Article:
“As you drum out the moderates of the Democratic party, and Republicans have a tendency to do it to their moderates as well, you lose the consensus builders. You have to have to bring all sides together.”
This statement, like a lot of the things Topinka says, deserves some comment. For now, let’s put aside the obvious irony of Topinka’s own regular efforts to drum people out.
First, Republicans both nationally and in Illinois have been governing much like Democrats for years. Maybe it’s true that the country is “polarized,” but our legislative leaders are certainly not. Federal spending is wildly out of control. If someone were to awake from a 6-year coma and were told government had grown by 58% since the year 2000 they would no doubt assume Democrats were in charge.
In Illinois – need we repeat it again? Edgar. Ryan. Pate. Record revenues and record expenditures. And all before we ever saw a governor named Rod. Not a solution based on conservative principles has been sighted in Illinois since the mid-1990s welfare reform which preceded the national reforms.
Second, it’s important to understand the role consensus plays. Sure – compromise and consensus building is what democracy is all about. But what most politicians don’t want to have to come to grips with is that compromise and consensus are what take place after you’ve made your case, tried to move public opinion, and attempted to advance the best policy basedon the right principles.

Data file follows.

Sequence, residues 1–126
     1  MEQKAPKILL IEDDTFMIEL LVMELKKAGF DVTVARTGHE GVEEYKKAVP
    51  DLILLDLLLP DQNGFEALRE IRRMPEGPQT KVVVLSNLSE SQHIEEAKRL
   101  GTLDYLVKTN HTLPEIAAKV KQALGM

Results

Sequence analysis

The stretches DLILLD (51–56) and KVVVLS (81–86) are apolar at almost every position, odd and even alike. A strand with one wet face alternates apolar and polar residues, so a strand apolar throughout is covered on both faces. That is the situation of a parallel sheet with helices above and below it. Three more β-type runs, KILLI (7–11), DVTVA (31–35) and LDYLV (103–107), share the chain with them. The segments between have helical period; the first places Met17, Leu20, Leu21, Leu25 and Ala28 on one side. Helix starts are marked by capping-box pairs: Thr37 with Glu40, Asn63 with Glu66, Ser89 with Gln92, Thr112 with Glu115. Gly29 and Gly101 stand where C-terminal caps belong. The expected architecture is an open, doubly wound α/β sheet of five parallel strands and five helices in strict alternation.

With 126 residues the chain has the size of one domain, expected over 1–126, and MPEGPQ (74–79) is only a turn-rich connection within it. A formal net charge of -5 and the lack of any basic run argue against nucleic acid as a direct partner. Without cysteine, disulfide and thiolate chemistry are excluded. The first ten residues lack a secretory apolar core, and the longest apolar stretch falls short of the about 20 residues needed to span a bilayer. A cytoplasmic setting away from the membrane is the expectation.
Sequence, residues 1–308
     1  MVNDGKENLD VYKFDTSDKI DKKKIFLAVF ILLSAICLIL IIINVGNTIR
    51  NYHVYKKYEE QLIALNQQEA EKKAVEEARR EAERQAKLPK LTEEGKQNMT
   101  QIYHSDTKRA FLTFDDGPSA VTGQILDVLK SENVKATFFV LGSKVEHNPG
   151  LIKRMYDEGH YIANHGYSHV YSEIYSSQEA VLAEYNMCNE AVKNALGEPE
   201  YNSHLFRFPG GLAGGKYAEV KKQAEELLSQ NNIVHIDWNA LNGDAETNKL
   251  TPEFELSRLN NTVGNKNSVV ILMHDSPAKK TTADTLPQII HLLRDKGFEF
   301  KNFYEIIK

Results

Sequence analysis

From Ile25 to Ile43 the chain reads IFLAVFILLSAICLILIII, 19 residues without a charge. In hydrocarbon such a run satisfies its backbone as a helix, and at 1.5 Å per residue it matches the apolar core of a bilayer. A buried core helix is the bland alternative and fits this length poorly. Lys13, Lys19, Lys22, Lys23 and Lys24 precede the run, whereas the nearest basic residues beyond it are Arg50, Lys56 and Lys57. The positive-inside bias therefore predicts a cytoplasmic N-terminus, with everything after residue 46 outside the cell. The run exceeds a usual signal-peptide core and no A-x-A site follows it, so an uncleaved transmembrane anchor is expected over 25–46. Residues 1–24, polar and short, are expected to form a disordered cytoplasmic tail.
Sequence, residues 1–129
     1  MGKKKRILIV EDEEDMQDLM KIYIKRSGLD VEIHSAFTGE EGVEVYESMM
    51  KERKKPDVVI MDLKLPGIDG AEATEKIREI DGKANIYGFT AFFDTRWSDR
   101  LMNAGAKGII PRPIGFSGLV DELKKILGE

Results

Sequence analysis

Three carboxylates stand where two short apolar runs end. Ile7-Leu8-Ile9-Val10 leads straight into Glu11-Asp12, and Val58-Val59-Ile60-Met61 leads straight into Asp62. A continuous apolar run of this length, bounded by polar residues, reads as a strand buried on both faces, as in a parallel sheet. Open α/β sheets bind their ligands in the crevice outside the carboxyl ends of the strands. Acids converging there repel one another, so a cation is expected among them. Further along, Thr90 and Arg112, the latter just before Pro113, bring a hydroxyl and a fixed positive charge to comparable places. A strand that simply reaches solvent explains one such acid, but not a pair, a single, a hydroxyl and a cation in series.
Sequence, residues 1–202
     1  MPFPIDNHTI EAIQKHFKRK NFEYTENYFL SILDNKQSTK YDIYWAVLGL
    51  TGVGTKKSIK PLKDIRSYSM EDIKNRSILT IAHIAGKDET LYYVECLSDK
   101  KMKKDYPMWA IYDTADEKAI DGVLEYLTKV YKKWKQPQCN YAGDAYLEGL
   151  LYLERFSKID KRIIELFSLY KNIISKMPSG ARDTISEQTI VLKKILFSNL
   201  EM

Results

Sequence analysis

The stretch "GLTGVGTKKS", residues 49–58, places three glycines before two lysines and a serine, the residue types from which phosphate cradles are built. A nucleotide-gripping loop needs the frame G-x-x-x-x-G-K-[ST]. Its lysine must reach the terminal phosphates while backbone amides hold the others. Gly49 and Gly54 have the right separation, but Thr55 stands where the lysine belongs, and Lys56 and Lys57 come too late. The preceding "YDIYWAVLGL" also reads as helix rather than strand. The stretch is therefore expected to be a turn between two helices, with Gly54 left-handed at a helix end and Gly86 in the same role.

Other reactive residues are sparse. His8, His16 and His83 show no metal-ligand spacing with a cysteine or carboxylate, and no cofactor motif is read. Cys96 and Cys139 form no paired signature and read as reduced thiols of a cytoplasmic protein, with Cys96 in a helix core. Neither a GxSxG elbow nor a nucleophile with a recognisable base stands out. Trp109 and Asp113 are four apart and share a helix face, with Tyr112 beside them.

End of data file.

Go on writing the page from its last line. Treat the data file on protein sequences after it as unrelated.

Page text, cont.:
For Republican moderates, the goal is not to split the difference that remains after the debate, but to see what you can get away with without conservatives noticing or getting too angry.
These politicians also like polling for the wrong reason. Rather than measuring the success or failure of their work to move public opinion, polls are commissioned to see what’s possible without having to bother with the work of debate.
The reason we continue to fail to see needed policy reforms is because our side doesn’t start negotiations from the right place. If government growth needs to be curbed, you can’t expect a good compromise to result between those who want more spending and those who want a lot more spending.
One more thing about reaching consensus: if you only work with tax eaters and leave the taxpayers out of the discussion, guess what the consensus will produce?
The reason “moderates” make lousy consensus builders is because they don’t understand when it’s time or what the building process really means.
POSTSCRIPT: AUGUST 11, 2007.
A friend sent in these two quotes on the topic of “consensus”:
A quote from Margaret Thatcher:
“Consensus . . . the process of abandoning all beliefs, principles, values and policies in search of something in which no one believes, but to which no one objects; the process of avoiding the very issues that have to be solved, merely because you cannot get agreement on the way ahead. What great cause would have been fought and won under the banner, ‘I stand for consensus.’?”
Ronald Reagan’s Way . . .
“A political party cannot be all things to all people. It must represent certain fundamental beliefs, which must not be compromised to political expediency, or simply to swell numbers . . . And if there are those that cannot subscribe to these principles, then let them go their way.”